How can I develop an effective call-to-action?
I have two related, but distinctly different, service offerings and need to find effective and relevant calls-to-action for my marketing campaigns. My businesses are Personal Training (Group and One-on-One) and Traditional Karate classes. The target audiences are identical, i.e. male and female over 10 years with no upper age limit.
Drew: You have received a lot of good answers to your question(s) here. I am going to take a somewhat contrarian view and say that there are tons of personal trainers and Karate instructors out there so to cut through the clutter or "noise" you should create a campaign with a call to action that is focused outside of traditional markets. One example would be to focus on 40+ year old guys that want to lose weight and look better (vanity is a great driver), a much bigger market, and then as part of your weight-loss/self-help program(s) you help them learn how to build muscle (which consumes more calories and helps them lose weight) and use Karate Kata as a form of aerobic exercise that is "fun". Your goal in this scenario is to create a fun, welcoming, body rejuvenating environment where you are not trying to make a Blackbelt or a Mr. Universe but to help clients achieve a far easier objective that can leverage your core skills, and expand your potential market, and potentially make you a lot more money. You can also do this at off hours like after 7:30 in the evening and on weekends to accommodate the target audience.
Also I would not limit my focus on children to over 10. I would create a 2nd opportunity with children 5-12 by marketing to parents that want to help their children improve their self esteem and instill some self discipline along with improved focus that can help with school work. Again, you can help the little folks improve their bodies, get them exercising and away from their electronics, and teach them some self-defense tactics that may someday come in useful on the playground or elsewhere.
Just thought I would throw in an out of the box suggestion for you to consider.
For the call to action...find a good copywriter...
Male & Over 40? - Get High School Skinny & Have Fun Doing It!
Boost your child's self-esteem & Instill self discipline - Also Improve School Focus
Drew, your call- to - action is always in your sales content. You must definitely find the words and emotions to not only entice, but leave your potential clientele with no reason not to join with you. It is easier the capture the minds of the young of course, but as you are engaged in a rough physical contact sport, you must also capture their parents, particularly the mothers. But, I am sure you already know this. Some may say to envision this as two separate entities, I do not agree , wives are often just as concerned. I believe that your sales pitch must find the need for training with the results of the training. So your call- to- action must encompass both. am sure your product list must have stages or types of training, everything from beginners to all sports combat, even physical rehabilitation or therapy. I commend your services to your community. Good Luck.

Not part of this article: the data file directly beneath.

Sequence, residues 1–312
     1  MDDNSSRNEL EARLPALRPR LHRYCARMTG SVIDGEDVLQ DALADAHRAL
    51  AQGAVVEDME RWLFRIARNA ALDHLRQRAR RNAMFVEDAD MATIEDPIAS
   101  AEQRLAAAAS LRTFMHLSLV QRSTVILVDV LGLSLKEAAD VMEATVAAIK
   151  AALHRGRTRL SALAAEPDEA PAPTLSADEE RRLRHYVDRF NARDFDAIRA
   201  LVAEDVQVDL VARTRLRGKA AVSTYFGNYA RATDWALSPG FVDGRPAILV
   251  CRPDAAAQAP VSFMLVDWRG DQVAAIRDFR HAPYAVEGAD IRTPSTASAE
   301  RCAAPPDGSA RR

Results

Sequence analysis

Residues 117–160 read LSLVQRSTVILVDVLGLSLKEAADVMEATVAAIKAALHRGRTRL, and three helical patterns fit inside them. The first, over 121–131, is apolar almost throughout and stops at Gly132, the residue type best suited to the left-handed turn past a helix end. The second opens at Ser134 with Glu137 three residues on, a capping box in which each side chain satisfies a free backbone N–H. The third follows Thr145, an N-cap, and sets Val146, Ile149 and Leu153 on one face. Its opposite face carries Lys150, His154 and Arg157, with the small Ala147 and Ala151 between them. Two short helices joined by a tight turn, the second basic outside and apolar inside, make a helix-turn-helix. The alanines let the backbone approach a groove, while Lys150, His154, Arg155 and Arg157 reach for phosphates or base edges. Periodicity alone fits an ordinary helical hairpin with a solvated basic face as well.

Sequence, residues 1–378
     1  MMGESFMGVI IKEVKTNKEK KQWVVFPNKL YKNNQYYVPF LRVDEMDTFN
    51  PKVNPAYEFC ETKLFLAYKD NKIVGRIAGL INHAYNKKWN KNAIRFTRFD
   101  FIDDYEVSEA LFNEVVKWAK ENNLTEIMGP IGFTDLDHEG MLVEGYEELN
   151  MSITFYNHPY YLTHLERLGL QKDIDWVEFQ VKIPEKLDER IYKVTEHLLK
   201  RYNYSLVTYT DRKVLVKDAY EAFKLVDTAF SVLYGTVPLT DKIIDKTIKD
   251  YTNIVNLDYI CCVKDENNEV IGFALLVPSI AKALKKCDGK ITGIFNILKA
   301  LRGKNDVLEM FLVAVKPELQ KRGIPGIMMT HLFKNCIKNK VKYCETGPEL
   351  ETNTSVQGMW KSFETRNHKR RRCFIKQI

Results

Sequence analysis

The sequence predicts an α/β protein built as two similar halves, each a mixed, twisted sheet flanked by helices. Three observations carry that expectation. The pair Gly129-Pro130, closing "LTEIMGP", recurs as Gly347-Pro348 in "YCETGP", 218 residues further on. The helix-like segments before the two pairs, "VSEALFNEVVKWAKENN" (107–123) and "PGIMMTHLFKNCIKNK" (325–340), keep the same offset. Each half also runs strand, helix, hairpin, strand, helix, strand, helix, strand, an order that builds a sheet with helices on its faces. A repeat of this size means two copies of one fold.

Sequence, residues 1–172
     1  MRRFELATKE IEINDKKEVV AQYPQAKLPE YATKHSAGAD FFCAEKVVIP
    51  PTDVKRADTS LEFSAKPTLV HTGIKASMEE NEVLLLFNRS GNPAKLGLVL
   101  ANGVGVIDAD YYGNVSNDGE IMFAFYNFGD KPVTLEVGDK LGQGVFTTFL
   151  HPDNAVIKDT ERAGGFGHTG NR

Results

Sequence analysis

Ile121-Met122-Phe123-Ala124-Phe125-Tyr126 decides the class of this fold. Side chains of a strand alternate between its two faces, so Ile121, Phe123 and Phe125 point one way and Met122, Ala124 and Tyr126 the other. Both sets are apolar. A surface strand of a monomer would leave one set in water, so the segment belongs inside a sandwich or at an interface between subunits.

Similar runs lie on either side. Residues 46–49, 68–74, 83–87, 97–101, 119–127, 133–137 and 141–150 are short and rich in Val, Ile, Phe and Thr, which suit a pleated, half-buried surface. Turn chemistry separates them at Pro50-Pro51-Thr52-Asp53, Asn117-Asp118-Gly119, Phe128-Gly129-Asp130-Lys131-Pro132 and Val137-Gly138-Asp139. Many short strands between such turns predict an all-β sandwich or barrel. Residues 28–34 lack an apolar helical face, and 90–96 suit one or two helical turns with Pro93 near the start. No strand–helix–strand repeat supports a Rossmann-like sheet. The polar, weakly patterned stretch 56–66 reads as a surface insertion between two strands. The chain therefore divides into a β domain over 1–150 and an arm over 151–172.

Uncover a genuine, timely need that you can solve. Then ensure your copy addresses the benefits from the clients perspective. Too many ad copies talk features such as drills speed settings instead of the benefit is ease of use and the convenience to get jobs done. FINALLY, a call to actions must provide a greater value now only!! So intro discount or add ons only available when action is take now not later.
Quite simply: what do you want the audience to do? Call you? Go to your website? Go to a physical location?
Studies have shown over the past 50 years that when you give the audience a choice, it actually induces anxiety.
Only you know which way you want your targeted audience to contact you.
Develop an event designed to show self confidence, put on the showcase in churches and civic clubs.
First you need to narrow down your target market based on the demographics of where you are located. That way you can develop an actual strategy of where you need to focus on the most. Of course you can tie one thing into another but first you need to do the numbers.
Please explain what you mean by "effective and relevant calls-to-action" - do you mean via a website or?
It is simply a matter of how you think. I personally would not look at them as separate offerings. Start off with an open-ended question regarding your personal training and then transition into the talking about the karate classes as a fun and educational way to accomplish their goals. There is a formal sales process called the Needs Satisfaction Selling that lists the 8 step sales process, if you need help with an opening, probing and closing, etc. There are many other formal sales processes, but this is one I like and use.
We have 3 health care clients with a similar challenge and have provided custom solutions for each one. Give us a call at 678 525 7545 Curt